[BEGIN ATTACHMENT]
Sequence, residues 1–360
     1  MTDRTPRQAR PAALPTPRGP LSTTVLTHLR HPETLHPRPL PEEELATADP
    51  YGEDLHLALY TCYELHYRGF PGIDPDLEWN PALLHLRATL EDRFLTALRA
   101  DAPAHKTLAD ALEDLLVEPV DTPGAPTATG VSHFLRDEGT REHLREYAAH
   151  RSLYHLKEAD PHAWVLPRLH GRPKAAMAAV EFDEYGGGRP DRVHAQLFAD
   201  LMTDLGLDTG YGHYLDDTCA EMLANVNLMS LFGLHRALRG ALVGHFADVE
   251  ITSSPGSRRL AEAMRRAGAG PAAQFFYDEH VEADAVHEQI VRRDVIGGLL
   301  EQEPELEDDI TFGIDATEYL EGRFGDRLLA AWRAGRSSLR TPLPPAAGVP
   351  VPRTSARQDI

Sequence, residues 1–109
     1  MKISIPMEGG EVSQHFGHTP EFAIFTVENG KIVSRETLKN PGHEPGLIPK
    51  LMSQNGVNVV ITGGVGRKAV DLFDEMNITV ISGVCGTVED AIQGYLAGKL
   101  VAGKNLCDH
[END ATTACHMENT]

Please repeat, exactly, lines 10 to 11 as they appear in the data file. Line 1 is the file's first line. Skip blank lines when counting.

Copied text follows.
Sequence, residues 1–109
     1  MKISIPMEGG EVSQHFGHTP EFAIFTVENG KIVSRETLKN PGHEPGLIPK